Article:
Binge drinking is booming — among boomers.
In fact, more than one in 10 Americans ages 65 and older are binge drinkers, according to a New York University study published in the Journal of the American Geriatrics Society on Wednesday, which is defined as having five or more drinks during one occasion in the past month for men, and four or more for women.
This is sobering news, considering that the National Institute on Alcohol Abuse and Alcoholism (NIAAA) recommends that adults over 65 consume three alcoholic drinks or fewer a day. Alcohol misuse isn’t good for anybody, but it can be dangerous for seniors in particular.
“Older adults are especially vulnerable to the harms of alcohol use, especially binge drinking, due to physiological changes of aging and the higher likelihood of having more chronic medical disease and taking more prescribed medications,” lead study author Benjamin Han told MarketWatch. He’s the assistant professor in the Department of Medicine’s Division of Geriatric Medicine and Palliative Care at NYU Langone Health. “Binge drinking can increase the risk for injury for older adults, especially falls, and can exacerbate existing chronic disease such as hypertension,” he said.
Yet the rate of baby boomers (aged 55 to 74) overindulging in alcohol is on the rise. Previous research has found that binge drinking among adults ages 50 and up spiked 19% between 2005 and 2014.
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So the NYU researchers analyzed data from 10,927 American adults ages 65 and up who participated in the National Survey on Drug Use and Health between 2015 and 2017, including their self-reported alcohol use, their tobacco and cannabis use, as well as demographic and health factors.
And they estimate that more than a tenth (10.6%) of U.S. adults over 65 are current binge drinkers.
“It might just be that a lot of middle-aged people who drink a lot are simply aging into an older age bracket,” the study’s senior author, Joseph Palamar, an associate professor in the Department of Population Health at NYU Langone Health, told MarketWatch.
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They also found that these older imbibers are more likely to be male and use tobacco or cannabis. They were also statistically more likely to have family incomes under $20,000 and to have visited an emergency room in the past year. And the most common chronic diseases suffered by these binge drinkers were hypertension (41.4%), cardiovascular disease (23.1%) and diabetes (17.7%).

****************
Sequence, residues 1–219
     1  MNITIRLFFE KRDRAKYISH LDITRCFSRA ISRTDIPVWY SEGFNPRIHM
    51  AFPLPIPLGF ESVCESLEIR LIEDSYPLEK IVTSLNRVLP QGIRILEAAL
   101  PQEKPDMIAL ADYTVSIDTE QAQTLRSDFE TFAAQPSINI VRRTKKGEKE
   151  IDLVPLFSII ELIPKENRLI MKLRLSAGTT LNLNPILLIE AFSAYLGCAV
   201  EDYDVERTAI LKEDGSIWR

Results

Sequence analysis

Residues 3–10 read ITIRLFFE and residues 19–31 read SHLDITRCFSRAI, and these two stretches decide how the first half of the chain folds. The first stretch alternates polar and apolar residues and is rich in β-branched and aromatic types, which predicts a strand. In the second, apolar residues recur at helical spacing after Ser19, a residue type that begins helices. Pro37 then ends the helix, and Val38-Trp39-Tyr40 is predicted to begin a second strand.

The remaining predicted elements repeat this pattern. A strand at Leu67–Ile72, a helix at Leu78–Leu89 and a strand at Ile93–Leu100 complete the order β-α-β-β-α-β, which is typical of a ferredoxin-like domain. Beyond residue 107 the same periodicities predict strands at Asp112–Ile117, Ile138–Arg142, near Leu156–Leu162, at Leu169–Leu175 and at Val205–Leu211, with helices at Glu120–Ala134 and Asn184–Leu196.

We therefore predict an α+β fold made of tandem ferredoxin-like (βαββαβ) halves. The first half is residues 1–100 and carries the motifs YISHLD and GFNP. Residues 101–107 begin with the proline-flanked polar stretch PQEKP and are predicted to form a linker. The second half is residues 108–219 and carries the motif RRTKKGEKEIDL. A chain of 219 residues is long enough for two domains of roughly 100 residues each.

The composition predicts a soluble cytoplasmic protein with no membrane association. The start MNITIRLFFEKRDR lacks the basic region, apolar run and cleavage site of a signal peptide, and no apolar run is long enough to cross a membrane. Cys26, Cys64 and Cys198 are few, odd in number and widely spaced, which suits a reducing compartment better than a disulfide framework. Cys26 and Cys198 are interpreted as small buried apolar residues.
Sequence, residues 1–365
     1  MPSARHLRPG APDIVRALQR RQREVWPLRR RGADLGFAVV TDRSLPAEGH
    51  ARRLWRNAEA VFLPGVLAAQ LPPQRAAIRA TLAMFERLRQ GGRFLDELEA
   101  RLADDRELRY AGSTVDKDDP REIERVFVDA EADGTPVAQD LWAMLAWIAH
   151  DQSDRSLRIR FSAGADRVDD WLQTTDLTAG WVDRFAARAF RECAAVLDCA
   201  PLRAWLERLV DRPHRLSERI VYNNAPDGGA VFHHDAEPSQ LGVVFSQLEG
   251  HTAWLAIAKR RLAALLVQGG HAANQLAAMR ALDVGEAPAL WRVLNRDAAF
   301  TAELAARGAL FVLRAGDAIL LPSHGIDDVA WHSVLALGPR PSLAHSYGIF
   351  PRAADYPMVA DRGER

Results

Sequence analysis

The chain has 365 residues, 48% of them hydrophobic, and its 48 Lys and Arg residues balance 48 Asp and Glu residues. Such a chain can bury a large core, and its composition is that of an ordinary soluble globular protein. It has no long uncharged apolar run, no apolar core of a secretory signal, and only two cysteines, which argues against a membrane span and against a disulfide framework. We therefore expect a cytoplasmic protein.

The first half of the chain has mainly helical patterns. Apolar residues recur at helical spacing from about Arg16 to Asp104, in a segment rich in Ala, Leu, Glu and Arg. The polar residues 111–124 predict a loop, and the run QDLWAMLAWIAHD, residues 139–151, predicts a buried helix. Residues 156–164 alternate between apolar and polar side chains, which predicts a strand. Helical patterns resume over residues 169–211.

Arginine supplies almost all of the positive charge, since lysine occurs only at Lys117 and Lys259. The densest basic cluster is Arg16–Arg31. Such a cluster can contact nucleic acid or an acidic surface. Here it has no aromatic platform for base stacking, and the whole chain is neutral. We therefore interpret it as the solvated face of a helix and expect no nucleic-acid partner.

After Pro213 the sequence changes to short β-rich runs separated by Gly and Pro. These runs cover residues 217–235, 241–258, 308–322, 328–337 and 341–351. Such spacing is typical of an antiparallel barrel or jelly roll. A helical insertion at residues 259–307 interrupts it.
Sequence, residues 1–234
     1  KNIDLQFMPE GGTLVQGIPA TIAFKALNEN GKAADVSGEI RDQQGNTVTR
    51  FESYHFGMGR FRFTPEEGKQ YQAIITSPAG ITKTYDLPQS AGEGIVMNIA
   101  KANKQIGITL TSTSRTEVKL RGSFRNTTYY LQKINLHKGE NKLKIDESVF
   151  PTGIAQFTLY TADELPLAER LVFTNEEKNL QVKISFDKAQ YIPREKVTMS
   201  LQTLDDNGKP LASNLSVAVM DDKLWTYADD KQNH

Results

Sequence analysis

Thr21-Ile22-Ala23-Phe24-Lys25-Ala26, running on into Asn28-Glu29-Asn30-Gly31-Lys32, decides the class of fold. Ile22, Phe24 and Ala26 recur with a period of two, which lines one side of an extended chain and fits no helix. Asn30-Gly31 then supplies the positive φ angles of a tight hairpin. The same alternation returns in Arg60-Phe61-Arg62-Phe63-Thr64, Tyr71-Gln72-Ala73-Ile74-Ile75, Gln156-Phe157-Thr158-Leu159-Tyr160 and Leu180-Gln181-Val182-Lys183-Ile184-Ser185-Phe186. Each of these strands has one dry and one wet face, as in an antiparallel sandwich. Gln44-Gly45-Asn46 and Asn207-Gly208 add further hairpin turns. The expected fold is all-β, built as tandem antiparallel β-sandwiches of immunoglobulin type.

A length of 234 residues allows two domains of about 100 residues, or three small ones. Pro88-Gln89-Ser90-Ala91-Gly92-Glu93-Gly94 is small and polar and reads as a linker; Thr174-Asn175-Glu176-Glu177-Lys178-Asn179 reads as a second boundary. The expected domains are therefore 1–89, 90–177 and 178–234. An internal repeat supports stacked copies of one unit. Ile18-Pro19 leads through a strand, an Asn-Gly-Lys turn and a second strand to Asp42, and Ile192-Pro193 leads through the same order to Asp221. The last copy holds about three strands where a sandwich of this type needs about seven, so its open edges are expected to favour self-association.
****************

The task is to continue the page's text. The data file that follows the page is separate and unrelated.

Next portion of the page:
Yet, interestingly enough, older binge drinkers were less likely to have most chronic diseases compared with those who did not binge drink, which the researchers theorized was because some people either cut down on their drinking or stop altogether when they develop an illness or alcohol-related disease.
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“Clinicians must be aware that some older adults with chronic disease still engage in binge drinking behaviors, which can worsen their health issues. This may explain why binge drinkers were more likely to report visits to the emergency room,” Palamar wrote in a post accompanying the report.
The study notes that the alarming statistics in this study may be underestimated, however, as the subjects self-reported their alcohol use, and some may have downplayed their actual consumption due to social stigma. After all, Americans spent $71 billion on wine last year. And boomers spent more money on alcohol over the course of a year ($518) than millennials ($461) in 2016, according to a NerdWallet report. And almost 30% of U.S. adults admitted that they’ve had a problem with drinking to excess in a 2015 study of roughly 36,000 people.
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“Our results underscore the importance of educating, screening, and intervening to prevent alcohol-related harms in older adults, who may not be aware of their heightened risk for injuries and how alcohol can exacerbate chronic diseases,” added Han in his report.
And alcohol isn’t the only substance that senior citizens are indulging in. The number of boomers consuming legal cannabis rose 25% in 2018. And more boomers are using medical marijuana in particular to treat chronic pain.
Related: More baby boomers use medical marijuana, but they want their doctors to get wise to the risks and benefits